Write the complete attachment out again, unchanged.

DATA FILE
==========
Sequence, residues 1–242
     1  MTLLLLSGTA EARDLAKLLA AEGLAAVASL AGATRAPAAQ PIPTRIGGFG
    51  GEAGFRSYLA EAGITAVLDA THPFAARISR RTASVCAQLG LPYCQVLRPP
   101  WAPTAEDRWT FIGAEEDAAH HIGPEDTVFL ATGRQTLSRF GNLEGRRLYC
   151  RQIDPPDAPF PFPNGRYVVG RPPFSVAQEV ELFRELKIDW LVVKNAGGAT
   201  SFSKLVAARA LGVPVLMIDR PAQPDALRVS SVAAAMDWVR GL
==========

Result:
Sequence, residues 1–242
     1  MTLLLLSGTA EARDLAKLLA AEGLAAVASL AGATRAPAAQ PIPTRIGGFG
    51  GEAGFRSYLA EAGITAVLDA THPFAARISR RTASVCAQLG LPYCQVLRPP
   101  WAPTAEDRWT FIGAEEDAAH HIGPEDTVFL ATGRQTLSRF GNLEGRRLYC
   151  RQIDPPDAPF PFPNGRYVVG RPPFSVAQEV ELFRELKIDW LVVKNAGGAT
   201  SFSKLVAARA LGVPVLMIDR PAQPDALRVS SVAAAMDWVR GL